Finally, Zwick complains he was never paid competitive wages for the products he made in his UNICOR job which were being sold to the public in competition with private enterprises. ( Id., ECF p. 7). Plaintiff seeks monetary compensation for his emotional distress, back wages, and issuance of an injunction preventing his transfer.

2. Sovereign Immunity Bars Zwick's Suit for Monetary Damages against Defendants in their Official Capacities

"The United States, the FBOP, and the individual FBOP employees in their official capacity... are barred from suit by the doctrine of sovereign immunity." Perez-Barron v. United States, 480 F.Appx. 688, 690 (3d Cir. 2012)(nonprecedential); see also F.D.I.C. v. Meyer, 510 U.S. 471, 475, 114 S.Ct. 996, 1000, 127 L.Ed.2d 308 (1994) ("Absent a waiver, sovereign immunity shields the Federal Government and its agencies from suit.") The United States has not consented to be sued for monetary damages based on a constitutional violation or, in other words, for a " Bivens -type cause of action directly against a federal agency." F.D.I.C., 510 U.S. at 484, 114 S.Ct. at 1005.

The defendants correctly point out that Zwick fails to specify whether he is suing them in their official and/or personal capacities. (Doc. 30, Def's.' Br. in Supp. Mot. to Dismiss and Mot. for Summ. J., ECF p. 11.) To the extent that Zwick is suing the defendants for monetary damages in their official capacities, his claims are barred.[2] See Webb v. Desan, 250 F.Appx. 468, 471 (3d Cir. 2007)(nonprecedential)(affirming dismissal of prisoner's Bivens claim for damages against BOP employees in their official capacities).

3. Failure to Allege the Personal Involvement of CO Hunter and Case Manager Dunstone

"A defendant in a civil rights action must have personal involvement in the alleged wrongs" to be liable. Sutton v. Rasheed, 323 F.3d 236, 249 (3d Cir. 2003)(quoting Rode v. Dellarciprete, 845 F.2d 1195, 1207-08 (3d Cir. 1988)). Each named defendant must be shown, through the complaint's allegations, to have been personally involved in the events or occurrences upon which the plaintiff's claims are based. ( Id. ) A civil rights complaint must state time, place, and responsible person. ( Id.) Personal involvement can be shown through allegations of personal direction or of actual knowledge and acquiescence. Rode, 845 F.2d at 1207-08; see Atkinson v. Taylor, 316 F.3d 257 (3d Cir. 2003).

Although they are named in the caption of the Complaint, Zwick fails to set forth any allegations against either CO Hunter or Case Manager Dunstone. Because he fails to allege either of these defendants were aware of, condoned, participated in, or acquiesced in the actions of SOI Altenhofen of terminating him from his prison industries job, or any other alleged wrongdoing, these defendants will be dismissed from the Complaint. Furthermore, because Zwick had the opportunity to oppose defendants' motion to dismiss these defendants but failed to do so, the Court will not allow him to amend his Complaint to now allege their personal involvement in the underlying claim.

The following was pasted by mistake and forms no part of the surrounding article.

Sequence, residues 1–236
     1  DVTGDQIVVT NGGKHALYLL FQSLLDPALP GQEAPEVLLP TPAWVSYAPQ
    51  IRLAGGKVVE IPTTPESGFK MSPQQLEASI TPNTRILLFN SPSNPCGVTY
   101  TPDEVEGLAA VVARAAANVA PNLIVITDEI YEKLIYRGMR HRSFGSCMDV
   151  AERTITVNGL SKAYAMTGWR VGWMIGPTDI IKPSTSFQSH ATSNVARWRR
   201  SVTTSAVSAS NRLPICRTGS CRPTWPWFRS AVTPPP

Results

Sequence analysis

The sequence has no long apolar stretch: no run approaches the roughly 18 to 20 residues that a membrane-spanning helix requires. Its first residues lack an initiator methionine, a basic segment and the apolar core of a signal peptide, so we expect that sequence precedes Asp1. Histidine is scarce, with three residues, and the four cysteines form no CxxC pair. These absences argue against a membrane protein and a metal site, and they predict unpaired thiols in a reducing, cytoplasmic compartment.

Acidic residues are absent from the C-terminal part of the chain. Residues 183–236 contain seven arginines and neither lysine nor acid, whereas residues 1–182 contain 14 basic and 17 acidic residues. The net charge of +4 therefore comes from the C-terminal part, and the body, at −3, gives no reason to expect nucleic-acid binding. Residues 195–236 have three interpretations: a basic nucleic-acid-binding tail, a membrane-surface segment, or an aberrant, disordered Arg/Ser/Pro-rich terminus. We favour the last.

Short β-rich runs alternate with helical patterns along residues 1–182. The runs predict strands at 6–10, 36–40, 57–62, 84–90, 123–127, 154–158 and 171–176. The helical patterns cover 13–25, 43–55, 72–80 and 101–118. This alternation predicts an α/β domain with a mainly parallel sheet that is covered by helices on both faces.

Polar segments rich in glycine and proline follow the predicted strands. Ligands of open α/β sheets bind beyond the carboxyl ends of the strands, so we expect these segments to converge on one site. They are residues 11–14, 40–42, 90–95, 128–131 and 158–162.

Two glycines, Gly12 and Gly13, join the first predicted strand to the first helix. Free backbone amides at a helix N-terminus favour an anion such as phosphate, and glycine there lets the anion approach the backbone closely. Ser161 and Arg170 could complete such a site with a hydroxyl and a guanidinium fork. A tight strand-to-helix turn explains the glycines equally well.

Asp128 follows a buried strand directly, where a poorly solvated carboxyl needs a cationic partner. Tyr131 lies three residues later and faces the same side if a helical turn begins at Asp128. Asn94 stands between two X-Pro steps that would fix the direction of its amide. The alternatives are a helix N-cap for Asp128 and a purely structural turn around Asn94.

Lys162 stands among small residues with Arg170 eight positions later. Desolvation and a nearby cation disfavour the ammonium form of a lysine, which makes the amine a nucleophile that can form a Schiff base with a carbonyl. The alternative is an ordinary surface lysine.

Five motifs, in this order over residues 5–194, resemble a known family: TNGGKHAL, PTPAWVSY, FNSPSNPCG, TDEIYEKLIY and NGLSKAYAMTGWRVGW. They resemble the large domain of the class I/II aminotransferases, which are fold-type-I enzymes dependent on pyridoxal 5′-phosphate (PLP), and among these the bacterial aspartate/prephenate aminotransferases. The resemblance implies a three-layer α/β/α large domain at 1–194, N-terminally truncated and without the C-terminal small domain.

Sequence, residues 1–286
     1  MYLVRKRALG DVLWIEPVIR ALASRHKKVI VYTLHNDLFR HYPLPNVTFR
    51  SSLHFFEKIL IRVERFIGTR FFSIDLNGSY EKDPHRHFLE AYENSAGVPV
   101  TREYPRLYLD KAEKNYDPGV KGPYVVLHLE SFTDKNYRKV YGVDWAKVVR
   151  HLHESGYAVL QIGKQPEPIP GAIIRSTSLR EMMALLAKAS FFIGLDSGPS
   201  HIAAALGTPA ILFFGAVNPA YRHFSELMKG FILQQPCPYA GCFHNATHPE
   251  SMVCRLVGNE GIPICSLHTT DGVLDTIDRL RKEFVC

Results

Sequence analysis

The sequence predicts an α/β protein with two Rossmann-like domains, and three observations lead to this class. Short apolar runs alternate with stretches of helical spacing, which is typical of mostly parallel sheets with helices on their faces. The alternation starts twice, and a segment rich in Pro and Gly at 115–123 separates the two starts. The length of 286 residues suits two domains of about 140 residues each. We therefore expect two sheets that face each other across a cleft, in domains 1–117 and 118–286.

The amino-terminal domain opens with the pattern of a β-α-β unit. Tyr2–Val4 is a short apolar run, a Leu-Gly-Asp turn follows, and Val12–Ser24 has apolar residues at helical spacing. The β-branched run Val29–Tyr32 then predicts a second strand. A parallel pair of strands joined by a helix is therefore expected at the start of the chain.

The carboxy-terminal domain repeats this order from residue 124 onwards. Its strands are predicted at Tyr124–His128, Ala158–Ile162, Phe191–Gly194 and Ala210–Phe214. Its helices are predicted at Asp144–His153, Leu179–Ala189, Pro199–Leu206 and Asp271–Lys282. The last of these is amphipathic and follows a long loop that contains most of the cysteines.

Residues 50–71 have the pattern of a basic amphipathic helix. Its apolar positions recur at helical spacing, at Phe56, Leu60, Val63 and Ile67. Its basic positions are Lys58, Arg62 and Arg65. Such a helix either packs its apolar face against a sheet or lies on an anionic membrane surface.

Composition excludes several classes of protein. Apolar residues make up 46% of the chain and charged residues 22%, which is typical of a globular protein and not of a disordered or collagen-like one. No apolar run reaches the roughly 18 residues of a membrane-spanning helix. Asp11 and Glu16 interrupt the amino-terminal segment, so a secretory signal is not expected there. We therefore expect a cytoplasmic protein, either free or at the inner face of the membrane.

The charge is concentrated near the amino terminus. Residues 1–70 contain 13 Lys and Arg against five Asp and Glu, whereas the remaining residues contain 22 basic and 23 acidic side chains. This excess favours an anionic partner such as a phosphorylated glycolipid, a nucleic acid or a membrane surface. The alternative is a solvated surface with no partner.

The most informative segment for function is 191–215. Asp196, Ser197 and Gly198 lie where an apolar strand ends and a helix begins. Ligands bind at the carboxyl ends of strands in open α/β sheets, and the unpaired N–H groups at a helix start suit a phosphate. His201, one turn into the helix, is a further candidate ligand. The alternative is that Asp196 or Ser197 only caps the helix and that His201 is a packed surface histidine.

4. Zwick's Claim that He Was Terminated From His Prison Job Without Due Process

Zwick alleges that SOI Altenhofen terminated him from his UNICOR job without due process because he never received a misconduct for insolence toward staff or refusing to obey an order. However, it is well established that prison inmates do not have a constitutionally protected right to employment while in prison. See James v. Quinlan, 866 F.2d 627, 629-630 (3d Cir. 1989); Presbury v. Wenerowicz, 472 F.Appx. 100 (3d Cir. 2012)(nonprecedential). With regard to Zwick's claim that he was denied minimum wage, or a prevailing wage, for his UNICOR work, prisoners who perform intra-prison work are not entitled to minimum wage under the Fair Labor Standards Act. See Tourscher v. McCullough, 184 F.3d 236, 243 (3d Cir. 1999).

Accordingly, these claims will be dismissed without leave to amend, as any such amendment would be futile.

B. Summary Judgment Motion

1. Statement of Undisputed Facts [3]

(i) Events of February 6, 2012

On February 6, 2012, SOI Altenhofen had a conversation with Zwick concerning his work assignment within the Federal Prison Industries or UNICOR. (Doc. 29, Defs.' Statement of Material Facts (DSMF), ¶1). SOI Altenhofen memorialized that conversation in a memorandum for the record. ( Id. ¶3).

On February 06, 2012, at approximately 10:00 A.M., inmate Zwick approached me about his grade one promotion. He asked me since he lost his grade 2 in December and I gave it back to him in January if he had to start over on his 90 days for promotion. I explained to him that the 90 day (sic) for promotion is not a guarantee that you will get promoted in 90 days, and that you asking me for a promotion will not get one either, your supervisor is the one that will put you in for a promotion. He kept telling me that it was unfair for me to take his grade in December for doing a handstand in the factory. I explained to him that I could have fired him then for performing an unsafe act in the factory. He kept telling me I should have given him a warning and that it was unfair for me to take his grade in December. I told him I was done and for him to walk away and get back to work, he refused and kept saying it was unfair. I then gave him an order to report to Mr. McIntosh for a reassignment of his duties as a pallet jack operator. Instead Inmate Zwick went to the floor clerk for a copout, I went to Mr. McIntosh and told him what happened and for him to walk Zwick out for not following an order. Inmate Zwick started yelling at me saying I was abusing my power and that I should not have taken his grade but instead I should have given him a warning. I fired Inmate Zwick for disobeying an order twice and for insolence toward a staff member.

( Id. ¶3; see also Doc. 29-1).

(ii) The BOP's Administrative Remedy Program & Zwick's Administrative Remedy Filings